Replacing vices of modern society with praises to God, Kanye ushers in new era

Jesus is King

Kanye West released his new album 'Jesus is King' on Oct. 12.

Kanye West’s gospel-filled Jesus Is King is finally out after a year wait, bringing fans a new sound centered around faith.

Jesus Is King, the ninth studio album from the 42-year-old rapper, designer, producer and entrepreneur, marks a distinctive departure from West’s previous work as this album focuses solely on his devotion to God and Christianity.

The most obvious difference between this album and Kanye’s previous music is the complete lack of cussing. This is a notable change in direction, as a majority of his work has included an array of explicit content. However, Jesus Is King replaces lyrics about the vices of modern society with praises to God and bars about his favorite Chick-Fil-A order.  'Jesus Is King' has incredible moments where Kanye’s creative process shines through gospel. 

The song ‘Selah’, the first track after an intro from the Sunday Service Choir, is one of those shining creative moments. With powerful organ chords, Kanye’s strongest verse writing in years and powerful drums, this song is an instant hit. However, it’s at the halfway point of the track when the choir comes into a repetitious chorus of hallelujah’s that the song finds its magic.

‘Follow God’ is the following track and finds Kanye rapping like the old days, finding a pocket in a sample chop from the Whole Truth’s 1969 record ‘Can You Lose by Following God’. Here, Kanye is wrestling with his tendencies to argue and fight, particularly a fight with his father where his dad says that isn’t “Christ-like”. He goes on the point out that, “nobody ever tells you when you’re being like Christ”, which might be the most Kanye-like bar about Christianity possible.

There is also the song ‘Closed on Sunday’ with the highly viral and meme’d, “you my Chick-Fil-A” line. While a bit silly, this is one of the better songs on the project. The simple guitar riffs that are eventually traded for a piercing synth chord gives this song excellent replay value, while Kanye’s vocals glide across with ease. Plus, screaming “Chick-Fil-A!” will always be fun.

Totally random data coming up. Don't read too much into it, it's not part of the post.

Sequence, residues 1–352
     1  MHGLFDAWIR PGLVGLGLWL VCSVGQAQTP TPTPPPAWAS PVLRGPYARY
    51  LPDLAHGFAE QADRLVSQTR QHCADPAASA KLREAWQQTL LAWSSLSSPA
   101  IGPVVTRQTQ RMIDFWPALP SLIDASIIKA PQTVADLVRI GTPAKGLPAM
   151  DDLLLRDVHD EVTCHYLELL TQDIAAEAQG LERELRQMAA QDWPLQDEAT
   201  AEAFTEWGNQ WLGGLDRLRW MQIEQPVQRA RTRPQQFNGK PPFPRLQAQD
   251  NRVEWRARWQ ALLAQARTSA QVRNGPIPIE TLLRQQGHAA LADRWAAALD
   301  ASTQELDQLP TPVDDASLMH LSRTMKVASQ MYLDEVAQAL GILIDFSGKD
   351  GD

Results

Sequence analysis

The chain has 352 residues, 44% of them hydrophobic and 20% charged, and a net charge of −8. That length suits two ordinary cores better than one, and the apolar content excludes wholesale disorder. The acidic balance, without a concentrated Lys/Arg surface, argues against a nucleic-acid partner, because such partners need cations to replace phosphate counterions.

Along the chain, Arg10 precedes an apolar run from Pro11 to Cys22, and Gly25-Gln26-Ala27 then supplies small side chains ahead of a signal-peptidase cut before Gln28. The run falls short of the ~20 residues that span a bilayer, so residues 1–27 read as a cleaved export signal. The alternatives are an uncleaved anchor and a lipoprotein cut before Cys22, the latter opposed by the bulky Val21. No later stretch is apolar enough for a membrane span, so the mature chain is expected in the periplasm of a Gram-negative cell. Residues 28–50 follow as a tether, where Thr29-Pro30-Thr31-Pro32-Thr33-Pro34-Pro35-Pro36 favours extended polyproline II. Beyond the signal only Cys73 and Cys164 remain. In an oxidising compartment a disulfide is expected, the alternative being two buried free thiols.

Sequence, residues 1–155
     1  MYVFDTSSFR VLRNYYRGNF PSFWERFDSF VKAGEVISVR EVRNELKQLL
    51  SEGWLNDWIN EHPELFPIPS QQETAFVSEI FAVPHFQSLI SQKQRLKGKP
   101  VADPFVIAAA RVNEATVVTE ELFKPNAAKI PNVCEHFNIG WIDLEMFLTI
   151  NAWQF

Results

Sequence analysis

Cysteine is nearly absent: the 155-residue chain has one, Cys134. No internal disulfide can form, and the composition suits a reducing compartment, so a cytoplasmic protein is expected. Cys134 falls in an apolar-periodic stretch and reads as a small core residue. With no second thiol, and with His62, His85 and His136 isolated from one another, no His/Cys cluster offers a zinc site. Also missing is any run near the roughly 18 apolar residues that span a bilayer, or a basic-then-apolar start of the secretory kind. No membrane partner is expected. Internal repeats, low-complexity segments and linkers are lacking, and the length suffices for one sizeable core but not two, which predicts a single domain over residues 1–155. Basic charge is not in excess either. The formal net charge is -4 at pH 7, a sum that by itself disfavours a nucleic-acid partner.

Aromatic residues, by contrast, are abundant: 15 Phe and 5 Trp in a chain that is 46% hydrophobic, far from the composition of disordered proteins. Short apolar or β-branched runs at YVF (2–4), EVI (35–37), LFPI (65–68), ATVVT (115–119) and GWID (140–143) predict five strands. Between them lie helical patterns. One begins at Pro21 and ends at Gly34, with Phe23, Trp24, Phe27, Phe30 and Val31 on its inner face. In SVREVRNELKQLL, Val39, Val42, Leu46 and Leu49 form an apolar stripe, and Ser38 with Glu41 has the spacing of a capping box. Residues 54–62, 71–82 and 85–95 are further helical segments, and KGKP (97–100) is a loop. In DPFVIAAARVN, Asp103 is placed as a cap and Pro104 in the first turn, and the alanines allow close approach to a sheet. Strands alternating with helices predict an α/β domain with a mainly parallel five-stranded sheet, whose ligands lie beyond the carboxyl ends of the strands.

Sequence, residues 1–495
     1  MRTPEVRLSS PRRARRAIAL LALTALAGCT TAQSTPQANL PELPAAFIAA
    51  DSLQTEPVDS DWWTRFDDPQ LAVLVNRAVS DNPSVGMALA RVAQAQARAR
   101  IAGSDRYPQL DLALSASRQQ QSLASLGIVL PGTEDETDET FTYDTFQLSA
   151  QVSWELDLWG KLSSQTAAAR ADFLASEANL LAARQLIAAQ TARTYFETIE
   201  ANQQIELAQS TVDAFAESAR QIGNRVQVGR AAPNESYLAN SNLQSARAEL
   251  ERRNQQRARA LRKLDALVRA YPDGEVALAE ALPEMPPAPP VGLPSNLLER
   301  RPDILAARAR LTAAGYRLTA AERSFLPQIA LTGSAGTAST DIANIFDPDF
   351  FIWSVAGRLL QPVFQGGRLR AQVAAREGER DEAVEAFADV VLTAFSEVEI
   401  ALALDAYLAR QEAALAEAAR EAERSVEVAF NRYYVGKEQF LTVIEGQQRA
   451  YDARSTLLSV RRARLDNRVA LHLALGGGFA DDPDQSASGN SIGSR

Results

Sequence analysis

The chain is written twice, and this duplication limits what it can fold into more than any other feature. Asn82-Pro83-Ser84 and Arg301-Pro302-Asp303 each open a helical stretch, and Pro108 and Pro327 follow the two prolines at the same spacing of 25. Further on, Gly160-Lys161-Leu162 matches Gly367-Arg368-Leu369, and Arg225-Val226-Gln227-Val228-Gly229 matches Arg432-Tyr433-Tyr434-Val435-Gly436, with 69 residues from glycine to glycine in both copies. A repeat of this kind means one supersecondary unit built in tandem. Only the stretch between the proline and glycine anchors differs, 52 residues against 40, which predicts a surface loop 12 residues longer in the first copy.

‘On God’, ‘Everything We Need’ and ‘Water’ are the point where the album starts to stumble. ‘On God’ features a Pierre Bourne instrumental which is unfortunately matched with some of Kanye’s laziest writing and delivery. Lines like “when I thought the Book of Job was a job” and “that’s why I charge the prices that I charge”, this song fails to deliver the standard of quality that Kanye is usually known for.

‘God Is’ comes next and the album picks up stride again. With an incredibly passionate delivery from Kanye, he provides a look into exactly what his faith means to him. With a piercing sample flip and powerful lyrics, Kanye’s final line, “thank you Jesus, won the fight” sounds like a victory lap for a man who has gone through countless conflicts. ‘Use This Gospel’ comes in towards the end of the album and does the best to showcase Kanye’s collaborative abilities and how he is able to use them in the realm of gospel music. 

Overall, Jesus Is King is a great album but far from Kanye’s best. However, after a stretch of albums showcasing Kanye’s pain and suffering it is welcoming to see him finding an immense joy and pride in what he is doing. While sonically this may not be his best work, Kanye has found happiness in his faith.